A few years ago, we arrived in Cuba carrying our usual four overstuffed suitcases (plus two carry-ons and my purse, all stuffed as full as the airline weight restrictions would allow). Into those bags we had crammed all kinds of little gifts for our families and friends there. As we began to visit the nearby villages, we realized to our horror that we had been woefully misinformed about the extent of the damage from the hurricane that had passed through the area a couple of months prior. We had searched for news reports on the Internet and what little we found had glossed over the impact of the storm, so we concluded that it had just brushed by with little effect. How wrong we were, and how very sad we were to have arrived so unprepared.
Many of the houses had lost their roofs, many of our friends had lost EVERYTHING in the floods that followed the storm. The little trinkets that we had brought in our suitcases were trite and relatively useless in the face of such immense loss and destruction. We felt terrible…if we had known, we would have brought tools and items that would have been more useful (like shoes to replace all the shoes that got lost) – and we would have brought more money.
There is currently quite a controversy on various travel sites over the whole issue of tourists bringing “useless stuff” to Cuba, with many going so far as to say that tourists are running the risk of encouraging Cubans to become material-hungry hustlers and street-side beggars. While we acknowledge the constant dilemma of not knowing for sure whether what we’re doing is helping or hindering in the long run, we still beg to differ, since we see first-hand the difficulty of everyday life in the houses and lives of our friends there, especially the ones who live far away from the tourist resorts. It’s easy and safe to rant about the risks and moral dilemmas when you have a roof over your head and shoes on your feet and running water in your indoor bathroom. When you stand inside of a house with a gaping hole in the roof above you, or have to stumble over a rocky path to get to the dingy dark outhouse to pee in the middle of the night, perspective changes dramatically. And when you know that you have the means to help patch that roof or build an indoor bathroom, well, nothing the naysayers can say can put a dent in the heart that knows what it has – and wants – to do.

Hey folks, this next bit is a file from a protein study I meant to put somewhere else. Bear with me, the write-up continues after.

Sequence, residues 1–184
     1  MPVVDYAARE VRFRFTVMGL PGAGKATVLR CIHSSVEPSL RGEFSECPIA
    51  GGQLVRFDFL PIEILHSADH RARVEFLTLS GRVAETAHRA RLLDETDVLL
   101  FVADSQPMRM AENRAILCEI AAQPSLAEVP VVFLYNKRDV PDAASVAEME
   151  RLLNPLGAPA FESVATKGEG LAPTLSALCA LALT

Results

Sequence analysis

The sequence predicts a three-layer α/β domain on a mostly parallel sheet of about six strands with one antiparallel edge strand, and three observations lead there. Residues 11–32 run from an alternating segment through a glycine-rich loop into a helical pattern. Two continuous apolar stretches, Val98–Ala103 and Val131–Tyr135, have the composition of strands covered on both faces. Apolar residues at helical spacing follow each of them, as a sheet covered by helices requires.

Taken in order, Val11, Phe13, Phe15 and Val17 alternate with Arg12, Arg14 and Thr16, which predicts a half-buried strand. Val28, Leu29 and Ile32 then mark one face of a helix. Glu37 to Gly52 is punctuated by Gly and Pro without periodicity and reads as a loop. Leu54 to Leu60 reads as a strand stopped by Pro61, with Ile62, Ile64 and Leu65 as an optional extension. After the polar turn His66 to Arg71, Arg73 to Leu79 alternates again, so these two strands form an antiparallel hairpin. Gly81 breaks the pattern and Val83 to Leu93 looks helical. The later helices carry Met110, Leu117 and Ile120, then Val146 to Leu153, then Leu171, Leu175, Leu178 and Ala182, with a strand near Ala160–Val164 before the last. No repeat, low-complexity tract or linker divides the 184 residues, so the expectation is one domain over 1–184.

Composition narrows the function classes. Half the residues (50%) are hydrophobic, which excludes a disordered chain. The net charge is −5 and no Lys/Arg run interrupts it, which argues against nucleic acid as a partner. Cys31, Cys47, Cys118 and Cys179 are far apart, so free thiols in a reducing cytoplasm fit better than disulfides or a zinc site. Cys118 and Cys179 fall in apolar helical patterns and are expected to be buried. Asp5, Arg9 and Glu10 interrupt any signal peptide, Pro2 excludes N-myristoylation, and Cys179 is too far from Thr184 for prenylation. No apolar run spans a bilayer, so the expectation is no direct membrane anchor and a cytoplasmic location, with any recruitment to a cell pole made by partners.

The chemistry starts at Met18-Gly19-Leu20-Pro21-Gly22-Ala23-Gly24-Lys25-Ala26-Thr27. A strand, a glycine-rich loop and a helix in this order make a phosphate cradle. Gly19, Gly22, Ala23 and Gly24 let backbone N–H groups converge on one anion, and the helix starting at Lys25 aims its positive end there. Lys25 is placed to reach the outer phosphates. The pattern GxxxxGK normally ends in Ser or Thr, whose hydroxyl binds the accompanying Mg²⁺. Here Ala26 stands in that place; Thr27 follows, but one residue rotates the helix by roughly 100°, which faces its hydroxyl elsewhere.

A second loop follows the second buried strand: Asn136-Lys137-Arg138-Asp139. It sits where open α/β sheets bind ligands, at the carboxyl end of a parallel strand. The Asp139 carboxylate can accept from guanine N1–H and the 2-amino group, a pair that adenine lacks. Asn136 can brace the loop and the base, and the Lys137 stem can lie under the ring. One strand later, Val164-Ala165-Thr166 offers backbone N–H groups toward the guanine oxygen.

Our eyes were opened that year after the big hurricane. We hadn’t brought enough money with us to help as much as was needed. But the “aha” moment came inside the house of one of our friends…we had popped in to say hi, and saw the huge hole in her roof. She told us that she had been able to repair most of the roof herself, but didn’t have enough material to fix the rest. She didn’t ask, not even with her eyes, but I knew that I wanted to help, so reached into my pocket and pulled out everything tucked in there – all of $15 Cuban tourist dollars – not even close to being enough, or so I thought. We left feeling sad that we hadn’t been able to give more. But when we went back a few days later, we were astounded. With that “measly” $15, she had been able to fix the rest of the roof, paint the entire living/dining/kitchen areas of the house, repair the broken cement cistern outside, install a beautiful wrought-iron fixture in the house, and even bought a used toilet to put in her sister’s section of the house. Don’t ask me how she managed to do all that, because we simply don’t know. All we know is that she was able to somehow stretch that money much farther than we could ever have imagined.